3. The "karate kick" law will be place between the flying wedge and cavalry charge in Law 10 with the distinction "this usually happens when..."

4. Referees will develop a secondary signal for Law 10 "karate kick"

5. Referees will develop a tertiary signal for the roundhouse "karate kick"

6. The Asian Rugby Union files a claim against WR and the RFU for discrimination and predjudice
 

beckett50

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#11
I ask, because that's how I was taught to catch a high ball, by raising a knee to "protect" yourself.
I was always taught that the raising the knee gave extra lift - a la high jump & basketball jump for a basket (when you're not 7' what ever!)
 

Ian_Cook

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#12
I ask, because that's how I was taught to catch a high ball, by raising a knee to "protect" yourself.
Raising a knee is one thing.

Raising a leg straight out with a foot at head height offers no extra lift or balance benefits. The sole purpose of doing that is to threaten opposition players with a face full of sprigs if they get near you.
 

ctrainor

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#13
Straight red to purple full back for dangerous kick. Clearly deliberate and if he hadn't have done it White player may not have touched him.
That is not a natural action when jumping. If White had jumped for the ball in and even contest it would be clear.
Ref was spot on with his assesment
 

menace

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#14
How would rugby union handle it?

1. WR would describe in great detail the "karate kick". Complete with guidance on determining if in fact it is a "karate kick", such as the angle of thigh to trunk and degree of leg extension. WR would require a Redcard for maneuver known as "karate kick"

2. The RFU would send it via email to select recipients and expect that it will be forwarded to all referees worldwide.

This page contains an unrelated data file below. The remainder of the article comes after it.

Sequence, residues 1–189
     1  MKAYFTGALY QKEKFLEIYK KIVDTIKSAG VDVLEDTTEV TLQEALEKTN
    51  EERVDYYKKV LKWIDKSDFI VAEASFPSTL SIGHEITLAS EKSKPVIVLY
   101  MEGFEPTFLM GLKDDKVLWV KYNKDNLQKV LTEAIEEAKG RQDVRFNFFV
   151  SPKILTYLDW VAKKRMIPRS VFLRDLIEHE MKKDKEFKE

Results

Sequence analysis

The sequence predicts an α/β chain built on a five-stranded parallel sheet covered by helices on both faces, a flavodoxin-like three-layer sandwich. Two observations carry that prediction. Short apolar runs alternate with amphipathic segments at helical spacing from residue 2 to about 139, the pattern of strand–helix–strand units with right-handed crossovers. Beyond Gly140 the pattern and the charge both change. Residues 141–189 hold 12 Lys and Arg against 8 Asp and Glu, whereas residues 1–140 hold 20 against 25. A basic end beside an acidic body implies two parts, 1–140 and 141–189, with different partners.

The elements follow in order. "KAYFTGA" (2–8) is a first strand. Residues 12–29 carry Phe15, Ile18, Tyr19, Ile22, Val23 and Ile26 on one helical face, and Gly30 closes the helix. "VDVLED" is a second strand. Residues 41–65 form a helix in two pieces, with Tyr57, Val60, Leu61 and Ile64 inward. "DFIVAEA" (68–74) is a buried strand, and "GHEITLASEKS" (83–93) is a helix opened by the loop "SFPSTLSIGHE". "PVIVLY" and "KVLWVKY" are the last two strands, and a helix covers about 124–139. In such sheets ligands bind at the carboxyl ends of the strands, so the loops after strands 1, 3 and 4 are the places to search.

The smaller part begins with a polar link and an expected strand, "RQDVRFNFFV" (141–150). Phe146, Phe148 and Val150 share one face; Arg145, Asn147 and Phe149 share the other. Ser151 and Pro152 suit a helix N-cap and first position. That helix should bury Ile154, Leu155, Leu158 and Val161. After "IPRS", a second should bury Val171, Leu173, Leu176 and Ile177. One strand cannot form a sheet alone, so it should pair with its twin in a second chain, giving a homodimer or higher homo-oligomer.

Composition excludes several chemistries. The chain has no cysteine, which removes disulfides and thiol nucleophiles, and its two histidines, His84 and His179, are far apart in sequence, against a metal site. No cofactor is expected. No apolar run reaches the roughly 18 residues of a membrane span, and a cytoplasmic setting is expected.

3. The "karate kick" law will be place between the flying wedge and cavalry charge in Law 10 with the distinction "this usually happens when..."

4. Referees will develop a secondary signal for Law 10 "karate kick"

5. Referees will develop a tertiary signal for the roundhouse "karate kick"

6. The Asian Rugby Union files a claim against WR and the RFU for discrimination and predjudice
Now now. No need to mock WR! We all know they're the greatest bunch of 12 year olds law writers in the universe!
 

Pinky

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#15
This happened in the (I think) 2011 Scotland Wales international. Hugo Southwell retired hurt (boot in the face) and Leigh Byrne (I think it was he) there was no sanction. At the time the commentators suggested HS should have had a yellow card, but his blood replacement was allowed on immediately so I don't think there was a sanction other than the penalty to Wales. I have a recollection of another time when the Scottish player was yellow carded as he was carried from the pitch on a stretcher, but I may be confusing that with the collision with Leigh Byrne the year before in Wales when Geoff Cross was knocked out by Byrne's knee, when to be fair to Byrne that time, Cross should have been more aware of the possibility of Byrne jumping to catch the ball.
 

Paule23

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#16
I was always taught that the raising the knee gave extra lift - a la high jump & basketball jump for a basket (when you're not 7' what ever!)
This is something you will see football goalkeepers do a lot, and is purely a defensive measure or a way to prevent the opposition jumping with them. Look at other players who jump for balls and you will see they don't lift their knees in this way.